Israel's Good Name

University Trip: Sites in the Lower Galilee

In Galilee, Israel on July 16, 2018 at 9:01 PM

A week after the two-day trip to the Carmel region, I went on yet another field trip offered by my department at Bar Ilan University. Led by Dr Shawn Zelig-Aster, a Biblical scholar, we were taken to a series of historical and archaeological sites around the Lower Galilee, all having a shared theme: the campaign of Assyrian king Tiglath-Pileser III. Expanding the Neo-Assyrian empire by way of conquest, the king invaded Israel from the north down the coastline until Egypt and then systematically conquered and exiled the inhabitants of the Israelite cities.

Climbing Tel Shimron

We too headed north from the campus, not far from Tel Aviv, and made our way to the Lower Galilee. Stopping to pick up a few more students in the Yokneam area, we admired the tel and a short-toed eagle from the comfort of our tour bus and continued on to our first site of the day: Tel Shimron. Located not far from Nahalal, the tel commands an impressive view of the western end of the Jezreel Valley, a prime strategic location. First settled in prehistoric times, the tel continued to be occupied during the Bronze Age, at the end of which the city’s acropolis was built. The city was mentioned in the famous El-Amarna letters found in Egypt in 1888, as well as biblically as one of the Canaanite city-states that sent an army to defeat the Israelites crossing into the land. Shimron continued to see significant human settlement throughout the Iron Age and Roman period, as well as downsizing to be an Ottoman and subsequently German Templar village in more recent years.

Piece of Islamic pottery

We arrived at the tel and climbed up, surveying our surroundings and the seasonally-uncharacteristic cloudy skies which released a small sprinkling of dirty rain. Dr Zelig-Aster then explained to us the importance of the site, owing to its strategic location overlooking the valleys – and thereby the roads – and the biblical mentionings that accompanied Shimron’s past.

Einot Zippori

We concluded by taking a short walk around the top of the tel and noting where the most recent archaeological expedition has begun work last year (see their aerial video of the site HERE). Having many more sites to visit, we got back into our bus and were driven to Nachal Zippori, where we disembarked at the side of a newly paved access road. We first came across the old British Mandate pump house, complete with the old pump still inside. We crossed into the small field, overgrown with blossoming silverleaf nightshade, and walked until we reached Einot Zippori (or Zippori Springs) where a small ancient structure stands.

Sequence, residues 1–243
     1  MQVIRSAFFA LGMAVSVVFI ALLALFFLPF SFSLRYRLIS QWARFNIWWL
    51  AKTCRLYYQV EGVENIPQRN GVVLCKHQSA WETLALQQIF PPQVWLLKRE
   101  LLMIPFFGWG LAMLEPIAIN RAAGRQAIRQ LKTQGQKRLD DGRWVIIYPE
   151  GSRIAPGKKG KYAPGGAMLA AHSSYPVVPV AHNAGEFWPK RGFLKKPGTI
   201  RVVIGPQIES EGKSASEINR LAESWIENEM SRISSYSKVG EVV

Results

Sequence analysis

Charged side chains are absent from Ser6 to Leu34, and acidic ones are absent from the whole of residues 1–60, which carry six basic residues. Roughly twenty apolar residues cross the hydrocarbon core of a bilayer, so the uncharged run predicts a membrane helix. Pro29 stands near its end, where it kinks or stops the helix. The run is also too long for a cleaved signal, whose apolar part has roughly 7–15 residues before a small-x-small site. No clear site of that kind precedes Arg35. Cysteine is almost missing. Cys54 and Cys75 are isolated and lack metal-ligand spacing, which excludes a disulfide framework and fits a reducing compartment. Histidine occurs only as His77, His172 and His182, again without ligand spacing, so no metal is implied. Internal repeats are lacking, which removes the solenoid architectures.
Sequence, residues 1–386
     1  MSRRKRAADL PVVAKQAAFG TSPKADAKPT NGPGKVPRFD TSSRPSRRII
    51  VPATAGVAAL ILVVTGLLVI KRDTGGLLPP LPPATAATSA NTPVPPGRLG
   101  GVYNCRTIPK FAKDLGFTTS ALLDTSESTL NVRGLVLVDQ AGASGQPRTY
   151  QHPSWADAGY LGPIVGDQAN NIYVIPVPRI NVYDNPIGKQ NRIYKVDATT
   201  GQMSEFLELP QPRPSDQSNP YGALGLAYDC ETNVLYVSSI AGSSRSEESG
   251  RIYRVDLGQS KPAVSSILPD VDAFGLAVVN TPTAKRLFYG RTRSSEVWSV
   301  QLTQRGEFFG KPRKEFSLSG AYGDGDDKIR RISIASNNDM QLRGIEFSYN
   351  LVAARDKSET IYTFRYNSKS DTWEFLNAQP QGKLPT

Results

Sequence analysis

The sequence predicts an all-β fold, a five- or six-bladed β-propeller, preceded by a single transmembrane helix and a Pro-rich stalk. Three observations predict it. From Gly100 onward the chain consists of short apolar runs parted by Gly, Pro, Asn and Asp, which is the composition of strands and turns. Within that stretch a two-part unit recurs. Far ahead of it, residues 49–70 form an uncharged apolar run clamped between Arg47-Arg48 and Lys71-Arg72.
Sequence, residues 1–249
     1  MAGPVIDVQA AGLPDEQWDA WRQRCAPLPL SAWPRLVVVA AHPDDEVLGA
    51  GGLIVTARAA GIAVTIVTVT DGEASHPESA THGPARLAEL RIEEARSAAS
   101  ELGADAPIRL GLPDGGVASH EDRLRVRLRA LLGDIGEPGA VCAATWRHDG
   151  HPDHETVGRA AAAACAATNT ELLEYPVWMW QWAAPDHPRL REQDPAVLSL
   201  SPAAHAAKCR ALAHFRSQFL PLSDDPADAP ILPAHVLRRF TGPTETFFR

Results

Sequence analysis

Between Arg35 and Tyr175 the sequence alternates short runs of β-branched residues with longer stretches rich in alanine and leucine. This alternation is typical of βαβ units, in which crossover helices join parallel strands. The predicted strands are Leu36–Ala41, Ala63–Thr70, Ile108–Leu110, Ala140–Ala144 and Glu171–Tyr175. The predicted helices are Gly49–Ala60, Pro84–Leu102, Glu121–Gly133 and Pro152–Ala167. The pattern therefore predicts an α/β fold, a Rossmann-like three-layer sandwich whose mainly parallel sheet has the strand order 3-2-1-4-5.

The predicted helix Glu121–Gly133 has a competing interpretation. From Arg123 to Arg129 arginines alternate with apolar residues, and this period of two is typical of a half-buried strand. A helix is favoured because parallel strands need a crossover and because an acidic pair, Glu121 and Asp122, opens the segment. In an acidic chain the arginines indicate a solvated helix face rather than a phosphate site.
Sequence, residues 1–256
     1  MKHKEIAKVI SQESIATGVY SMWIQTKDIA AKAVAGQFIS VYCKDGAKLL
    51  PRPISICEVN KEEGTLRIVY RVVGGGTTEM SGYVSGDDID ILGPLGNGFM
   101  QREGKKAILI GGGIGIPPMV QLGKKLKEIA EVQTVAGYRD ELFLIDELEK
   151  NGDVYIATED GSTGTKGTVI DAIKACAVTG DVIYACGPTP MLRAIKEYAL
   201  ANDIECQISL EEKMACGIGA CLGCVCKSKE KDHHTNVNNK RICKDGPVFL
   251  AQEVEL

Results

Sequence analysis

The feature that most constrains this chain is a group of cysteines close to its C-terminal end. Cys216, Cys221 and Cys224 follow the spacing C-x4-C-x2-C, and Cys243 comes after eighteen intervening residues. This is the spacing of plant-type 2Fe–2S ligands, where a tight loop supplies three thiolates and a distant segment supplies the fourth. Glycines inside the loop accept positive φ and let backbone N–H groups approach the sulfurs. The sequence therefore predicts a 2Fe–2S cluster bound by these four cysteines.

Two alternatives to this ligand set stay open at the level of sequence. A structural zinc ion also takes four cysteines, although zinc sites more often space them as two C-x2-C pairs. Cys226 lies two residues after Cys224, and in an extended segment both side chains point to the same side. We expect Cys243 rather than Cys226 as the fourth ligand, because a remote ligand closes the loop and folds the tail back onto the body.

Calm waters

There, water comes forth from the ground and flows away from the small, crystal-clear pool at the structure. We watched some tiny fish and a river crab as they explored their watery world. Moving along, we followed a tiny aqueduct that carries that cold spring water, and boarded our bus once again to be taken to the next site. Our next stop was Tel Hanaton, a large hill surrounded by agricultural fields and the Eshkol Reservoir. We approached from the west passing a Bedouin encampment as we climbed the tel.

Tel Hanaton

Seeing the start of habitation in the Early Bronze Age, and then becoming a heavily fortified city in the Middle and Late Bronze Ages, this city was mentioned as well in the El-Amarna letters. In the Iron Age Hanaton was apparently conquered by the aforementioned Tiglath-Pileser III and the city was thereby relocated to the bottom of the hill in the Hellenistic and Roman eras. During the Crusader period a fortified farmhouse was constructed atop the tel, and near it a khan was built in the subsequent Mamluk and Ottoman periods.

View from Tel Hanaton

We sat at the top of the tel and studied ancient texts citing Hanaton, while crested larks and swallows entertained us with their presence. We passed by the Crusader ruins, noting a passage into the buried rooms, but did not enter. Our tour continued along the circular tel trail, as to enjoy and properly understand the tel’s geographical and topographical setting, and we headed back to our bus.

Entrance to the Crusader-era ruins

Enjoying our lunch in Ya’ad, a small moshav near Karmiel, we refueled ourselves for the final two destinations of the day. Our bus shuttled us over to the area of Horvat Rosh Zayit, and we walked the rest of the way alongside Road 805 and the region’s elegant pine trees. At last we arrived at a sign that announced the presence of a Phoenician fortress, which we were excited to see.

Horvat Rosh Zayit’s Phoenician fortress